Growing up Catholic, I heard a lot about “mystery.” No, not the novel or movie that may be a “mystery,” but beliefs that are mysteries.
I never particularly liked the term. I always saw it as a subterfuge for a belief that was so obscure it couldn’t be explained, or one that is utterly unbelievable.
But as I age, I’m beginning to see that it’s probably the only word you can legitimately use to describe the indescribable. How can you adequately describe God, whose existence is said to be outside time and space, who is in and around everyone and everything, and who stretches from here to beyond the ends of the universe? Those are descriptions that we humans can’t fathom.
What’s more, how can you adequately describe faith? It’s said to be a “gift,” but if so, why does God give it to some and not to others? And if it’s a gift, shouldn’t that mean we don’t have to do anything to acquire it or retain it?
Rational but Not Entirely of the Intellect
Scripture and church tradition may provide good reasons for such descriptions of God and for saying that faith is a gift, but they’re not provable. And that brings us to another observation about faith: It’s rational, but not entirely a matter of the intellect.
“Moses’ burning bush was not an intellectual exercise,” writes theologian Richard Rohr in his online Daily Meditation, “nor did Teresa of Ávila’s ecstasies happen in a classroom. We rightly speak of faith as a “gift” as opposed to any reasoned conclusion. You fall into it more than reason toward it.”
Maybe this is what Jesus was trying to say with his analogies to seeds. In the gospel of Mathew, he told the story of the sower “who went out to sow” and the seeds he threw out had different fates, depending on the varying environments into which they fell.
“…Other seeds fell on rocky ground,” says the parable, “where they had not much soil, and immediately they sprang up, since they had no depth of soil, but when the sun rose they were scorched; and since they had no root they withered away.”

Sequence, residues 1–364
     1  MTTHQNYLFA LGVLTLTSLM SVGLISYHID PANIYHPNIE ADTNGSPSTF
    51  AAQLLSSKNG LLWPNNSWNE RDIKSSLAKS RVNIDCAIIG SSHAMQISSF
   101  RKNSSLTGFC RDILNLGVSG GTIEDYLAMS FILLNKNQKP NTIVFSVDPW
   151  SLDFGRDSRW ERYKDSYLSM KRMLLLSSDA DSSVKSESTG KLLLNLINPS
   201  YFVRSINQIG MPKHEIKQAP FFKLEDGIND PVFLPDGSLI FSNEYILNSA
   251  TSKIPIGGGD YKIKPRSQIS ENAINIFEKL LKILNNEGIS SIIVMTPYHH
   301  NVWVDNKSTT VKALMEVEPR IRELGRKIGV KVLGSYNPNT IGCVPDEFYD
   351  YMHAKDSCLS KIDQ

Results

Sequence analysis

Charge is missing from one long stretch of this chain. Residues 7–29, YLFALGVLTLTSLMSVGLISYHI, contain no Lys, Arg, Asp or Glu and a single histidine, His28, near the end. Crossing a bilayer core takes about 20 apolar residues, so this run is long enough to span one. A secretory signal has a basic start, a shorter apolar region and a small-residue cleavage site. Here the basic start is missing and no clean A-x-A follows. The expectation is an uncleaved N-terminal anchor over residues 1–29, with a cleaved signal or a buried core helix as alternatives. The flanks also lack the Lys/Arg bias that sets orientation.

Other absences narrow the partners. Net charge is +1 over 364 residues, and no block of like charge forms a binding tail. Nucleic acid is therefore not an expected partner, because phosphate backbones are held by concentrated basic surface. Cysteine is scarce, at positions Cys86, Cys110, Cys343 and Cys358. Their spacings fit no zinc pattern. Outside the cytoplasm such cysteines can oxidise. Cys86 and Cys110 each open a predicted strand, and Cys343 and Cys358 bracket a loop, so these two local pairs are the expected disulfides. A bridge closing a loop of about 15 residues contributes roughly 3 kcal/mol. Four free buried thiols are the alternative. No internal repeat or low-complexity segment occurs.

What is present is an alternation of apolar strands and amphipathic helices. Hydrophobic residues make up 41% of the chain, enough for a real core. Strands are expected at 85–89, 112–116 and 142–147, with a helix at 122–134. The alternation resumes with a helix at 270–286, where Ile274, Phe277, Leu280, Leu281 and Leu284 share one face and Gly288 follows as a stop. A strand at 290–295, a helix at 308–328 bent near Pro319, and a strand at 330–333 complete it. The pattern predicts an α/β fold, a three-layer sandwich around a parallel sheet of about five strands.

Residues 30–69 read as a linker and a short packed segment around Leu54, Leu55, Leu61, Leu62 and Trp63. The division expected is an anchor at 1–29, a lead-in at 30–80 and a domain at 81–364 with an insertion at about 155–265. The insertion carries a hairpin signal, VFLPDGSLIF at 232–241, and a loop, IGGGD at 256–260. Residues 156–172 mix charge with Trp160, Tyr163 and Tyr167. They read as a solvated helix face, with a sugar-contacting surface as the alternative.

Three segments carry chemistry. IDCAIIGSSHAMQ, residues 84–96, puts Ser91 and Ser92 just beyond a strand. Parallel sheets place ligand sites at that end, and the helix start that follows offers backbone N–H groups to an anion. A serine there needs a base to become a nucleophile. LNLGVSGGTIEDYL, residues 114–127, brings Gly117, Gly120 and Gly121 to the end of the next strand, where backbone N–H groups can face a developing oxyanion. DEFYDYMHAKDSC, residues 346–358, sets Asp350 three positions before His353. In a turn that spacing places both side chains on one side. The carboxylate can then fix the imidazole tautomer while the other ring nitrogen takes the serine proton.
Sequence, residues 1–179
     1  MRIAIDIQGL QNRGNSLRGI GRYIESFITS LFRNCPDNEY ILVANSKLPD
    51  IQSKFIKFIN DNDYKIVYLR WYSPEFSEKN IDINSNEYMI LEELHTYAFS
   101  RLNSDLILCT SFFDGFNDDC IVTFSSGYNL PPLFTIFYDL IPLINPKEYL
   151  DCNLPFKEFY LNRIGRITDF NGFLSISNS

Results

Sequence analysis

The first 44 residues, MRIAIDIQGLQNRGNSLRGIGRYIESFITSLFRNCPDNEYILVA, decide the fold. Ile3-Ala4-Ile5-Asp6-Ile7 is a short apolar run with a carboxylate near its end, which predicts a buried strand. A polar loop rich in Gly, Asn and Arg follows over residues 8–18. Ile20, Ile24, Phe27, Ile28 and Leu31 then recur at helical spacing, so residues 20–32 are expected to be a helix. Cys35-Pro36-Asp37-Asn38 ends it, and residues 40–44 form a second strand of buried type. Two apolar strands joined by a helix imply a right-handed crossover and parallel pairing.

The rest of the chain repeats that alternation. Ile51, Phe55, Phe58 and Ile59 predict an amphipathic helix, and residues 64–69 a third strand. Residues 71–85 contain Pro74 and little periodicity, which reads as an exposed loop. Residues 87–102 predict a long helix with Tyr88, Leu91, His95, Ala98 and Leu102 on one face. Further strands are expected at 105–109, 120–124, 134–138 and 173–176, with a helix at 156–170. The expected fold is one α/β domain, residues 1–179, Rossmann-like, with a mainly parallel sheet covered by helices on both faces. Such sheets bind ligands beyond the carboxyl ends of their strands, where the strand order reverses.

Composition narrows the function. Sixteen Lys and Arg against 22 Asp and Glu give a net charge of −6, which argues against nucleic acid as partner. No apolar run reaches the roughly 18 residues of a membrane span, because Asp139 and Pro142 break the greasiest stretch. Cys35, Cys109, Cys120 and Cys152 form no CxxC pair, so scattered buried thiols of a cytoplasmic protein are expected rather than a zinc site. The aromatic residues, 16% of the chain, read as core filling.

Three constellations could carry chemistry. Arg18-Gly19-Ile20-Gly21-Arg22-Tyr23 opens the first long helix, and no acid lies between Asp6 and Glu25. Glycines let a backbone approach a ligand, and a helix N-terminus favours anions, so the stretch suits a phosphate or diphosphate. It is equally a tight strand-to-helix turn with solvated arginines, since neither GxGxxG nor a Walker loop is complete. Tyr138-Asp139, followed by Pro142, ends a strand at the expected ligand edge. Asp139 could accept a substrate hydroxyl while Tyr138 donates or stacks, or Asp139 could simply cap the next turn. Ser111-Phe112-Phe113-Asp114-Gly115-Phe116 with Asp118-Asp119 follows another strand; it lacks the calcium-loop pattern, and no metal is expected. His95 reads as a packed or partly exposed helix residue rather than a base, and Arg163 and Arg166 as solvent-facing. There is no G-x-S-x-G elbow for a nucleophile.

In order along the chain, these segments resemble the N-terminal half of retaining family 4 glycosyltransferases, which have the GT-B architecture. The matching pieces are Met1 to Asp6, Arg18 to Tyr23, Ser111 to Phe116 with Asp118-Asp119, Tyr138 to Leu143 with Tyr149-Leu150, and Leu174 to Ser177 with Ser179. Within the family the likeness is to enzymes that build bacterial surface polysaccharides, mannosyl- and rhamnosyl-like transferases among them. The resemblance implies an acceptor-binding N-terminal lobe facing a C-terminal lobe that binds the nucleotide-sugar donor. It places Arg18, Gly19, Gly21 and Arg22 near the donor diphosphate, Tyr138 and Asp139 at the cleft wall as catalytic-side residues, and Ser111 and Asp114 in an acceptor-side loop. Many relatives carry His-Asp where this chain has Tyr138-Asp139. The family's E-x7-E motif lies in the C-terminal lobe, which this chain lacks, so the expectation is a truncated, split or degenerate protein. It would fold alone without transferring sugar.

His point was that God can provide the seed, or gift of faith, but what happens to it depends on what the recipients do with it. If no effort is made to deepen our faith, it can easily wither.
Another “seed” story is in the gospel of John. Jesus says that “unless a grain of wheat falls into the earth and dies, it remains alone; but if it dies, it bears much fruit.” He may be talking directly about his own death, but I’ve also interpreted this to mean that unless each of us “dies” – to self and to “the world” – we can’t “bear fruit,” that is, have a meaningful relationship to God and others.
Jesus, who grew up in a rural area where most people depended on the land for sustenance, knew that a seed doesn’t “die” when it goes into the ground. He used the image because the seed, like the dead, is “buried.”
Returning to the subject of mystery, it’s interesting that the first definitions of the word in Webster’s dictionary – at least the edition I have – are religious, starting with “a religious truth that one can know only by revelation and cannot fully understand.”
Aren’t so many of our beliefs in this category? Many of us have innumerable questions about them, perhaps continually asking ourselves if they’re believable. Many are anchored in our confidence that the Bible is the word of God in the words of humans. Others in faith in our church.
We can gain valuable insight into our beliefs through study and prayer, but many of them are ultimately – like much of life, mysteries.
“We’re standing in the middle of an awesome and major mystery,” writes Rohr, “life itself, and the only appropriate response to this is humility.
“If we’re resolved that this is where we want to go — into the mystery, not trying to hold God and reality but to let God and reality hold us — then I think religion is finally in its proper and appropriate place. Anyone who has undergone God is humble; in fact, (he/she is) the most humble of all.”